Our thoughts and prayers go out to the people in Moore, Oklahoma, struck by the devastating tornado on Monday.
This region of Oklahoma is in "Tornado Alley" and they are no strangers to severe weather. The same area was hit in May 1999, by an EF-5 tornado. That storm produced winds of 318 mph, the strongest tornadic winds ever recorded.
The stormy weather in the Chicago area overnight was from the same weather system that produced that deadly Oklahoma tornado. There were wind gusts of 40-60 mph here, too, and heavy rain in areas still recovering from flooding in April.
When the Severe Weather Seminar was held at Fermilab on April 6, it was early in the severe weather season, although tornadoes have certainly developed in April before. This year has been relatively quiet, so far. The cool spring has been a contributing factor, but now as the warm days return, so does the possibility of tornadoes and damaging storms.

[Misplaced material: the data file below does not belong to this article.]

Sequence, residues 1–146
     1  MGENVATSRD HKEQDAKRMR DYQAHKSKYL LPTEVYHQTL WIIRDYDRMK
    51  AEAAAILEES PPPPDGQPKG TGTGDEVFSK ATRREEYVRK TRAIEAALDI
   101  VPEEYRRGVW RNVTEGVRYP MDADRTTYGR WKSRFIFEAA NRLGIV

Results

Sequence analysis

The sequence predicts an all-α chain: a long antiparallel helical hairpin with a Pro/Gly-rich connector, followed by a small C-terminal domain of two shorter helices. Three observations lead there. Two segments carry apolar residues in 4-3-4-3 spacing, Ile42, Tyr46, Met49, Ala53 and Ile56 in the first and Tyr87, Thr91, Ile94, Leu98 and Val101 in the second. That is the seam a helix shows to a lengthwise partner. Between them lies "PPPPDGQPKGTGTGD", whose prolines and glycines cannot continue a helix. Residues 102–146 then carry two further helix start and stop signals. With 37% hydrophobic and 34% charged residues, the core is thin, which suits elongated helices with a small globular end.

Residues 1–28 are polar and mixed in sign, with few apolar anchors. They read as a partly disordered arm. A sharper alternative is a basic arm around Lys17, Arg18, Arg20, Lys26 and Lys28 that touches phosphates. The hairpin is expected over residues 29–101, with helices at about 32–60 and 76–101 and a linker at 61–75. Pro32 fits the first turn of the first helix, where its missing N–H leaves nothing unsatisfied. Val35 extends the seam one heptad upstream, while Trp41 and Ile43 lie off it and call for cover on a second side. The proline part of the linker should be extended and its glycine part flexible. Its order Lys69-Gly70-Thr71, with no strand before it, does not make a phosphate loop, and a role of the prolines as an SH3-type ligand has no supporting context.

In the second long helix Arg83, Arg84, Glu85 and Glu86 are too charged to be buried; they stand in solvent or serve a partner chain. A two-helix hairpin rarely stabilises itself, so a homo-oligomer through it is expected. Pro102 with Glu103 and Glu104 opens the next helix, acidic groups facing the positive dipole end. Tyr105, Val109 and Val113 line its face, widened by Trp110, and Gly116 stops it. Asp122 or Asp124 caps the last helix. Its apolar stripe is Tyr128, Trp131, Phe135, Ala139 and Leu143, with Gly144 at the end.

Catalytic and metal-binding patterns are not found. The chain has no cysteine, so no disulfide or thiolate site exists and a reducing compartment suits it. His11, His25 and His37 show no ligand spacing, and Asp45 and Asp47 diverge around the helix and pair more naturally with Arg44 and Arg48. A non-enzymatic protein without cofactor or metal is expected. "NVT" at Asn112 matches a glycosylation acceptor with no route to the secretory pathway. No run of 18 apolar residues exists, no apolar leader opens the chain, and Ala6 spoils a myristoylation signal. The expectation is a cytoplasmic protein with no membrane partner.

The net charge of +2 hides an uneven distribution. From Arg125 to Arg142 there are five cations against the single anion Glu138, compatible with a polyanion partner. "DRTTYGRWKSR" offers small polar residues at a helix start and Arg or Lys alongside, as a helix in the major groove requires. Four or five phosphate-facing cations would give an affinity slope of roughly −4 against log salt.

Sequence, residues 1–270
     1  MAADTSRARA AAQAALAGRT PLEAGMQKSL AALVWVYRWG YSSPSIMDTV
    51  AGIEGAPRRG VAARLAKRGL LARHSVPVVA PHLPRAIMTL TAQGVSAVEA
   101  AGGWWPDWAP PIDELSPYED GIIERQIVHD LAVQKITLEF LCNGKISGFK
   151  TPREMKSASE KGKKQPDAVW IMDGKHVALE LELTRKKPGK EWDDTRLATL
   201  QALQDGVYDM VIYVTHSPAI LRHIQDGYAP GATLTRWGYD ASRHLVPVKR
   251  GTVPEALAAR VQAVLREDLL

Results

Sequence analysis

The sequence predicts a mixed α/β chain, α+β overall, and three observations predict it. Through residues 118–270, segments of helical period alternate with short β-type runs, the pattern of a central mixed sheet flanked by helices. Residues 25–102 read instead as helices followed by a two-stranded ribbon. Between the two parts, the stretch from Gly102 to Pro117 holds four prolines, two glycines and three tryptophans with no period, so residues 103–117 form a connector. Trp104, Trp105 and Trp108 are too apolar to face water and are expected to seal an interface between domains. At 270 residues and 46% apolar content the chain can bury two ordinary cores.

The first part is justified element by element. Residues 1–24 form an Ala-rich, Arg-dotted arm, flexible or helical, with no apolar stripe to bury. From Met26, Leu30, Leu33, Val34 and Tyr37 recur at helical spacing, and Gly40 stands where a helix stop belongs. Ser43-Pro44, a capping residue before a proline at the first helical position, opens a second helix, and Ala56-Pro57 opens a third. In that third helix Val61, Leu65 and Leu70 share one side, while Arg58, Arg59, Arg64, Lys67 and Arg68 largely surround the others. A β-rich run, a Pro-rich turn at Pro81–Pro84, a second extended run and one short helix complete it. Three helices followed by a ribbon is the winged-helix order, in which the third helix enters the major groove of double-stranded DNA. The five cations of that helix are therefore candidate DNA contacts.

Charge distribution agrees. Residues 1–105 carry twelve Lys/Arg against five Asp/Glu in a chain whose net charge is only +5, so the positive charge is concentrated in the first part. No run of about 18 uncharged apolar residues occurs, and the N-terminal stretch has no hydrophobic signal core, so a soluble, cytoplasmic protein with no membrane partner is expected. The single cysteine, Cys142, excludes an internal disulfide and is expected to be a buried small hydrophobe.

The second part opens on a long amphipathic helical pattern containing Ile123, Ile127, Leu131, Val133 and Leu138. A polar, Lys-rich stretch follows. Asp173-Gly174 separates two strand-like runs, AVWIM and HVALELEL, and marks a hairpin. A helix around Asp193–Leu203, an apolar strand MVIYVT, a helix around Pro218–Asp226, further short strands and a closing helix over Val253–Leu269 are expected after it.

Now, it looks like the severe weather season is heating up. Today, Tom Skilling reported, "hundreds of severe weather reports including dozens of tornadoes have been tallied by Storm Prediction Center in the past 2 days."
Maybe you have questions about Tornado Alley, tornadoes, derechos, the Fujita Scale, or storm chasers, and I will write about that another time.
I think the most important question right now is what to do in the event of a tornado, so I am linking to this excellent post by Tween Us blogger, Shannan Younger, with vital information and safety tips here.
And, don't forget your pets! Raining Cats and Dogs has advice on how to prepare for tornadoes and floods if you have pets with you.
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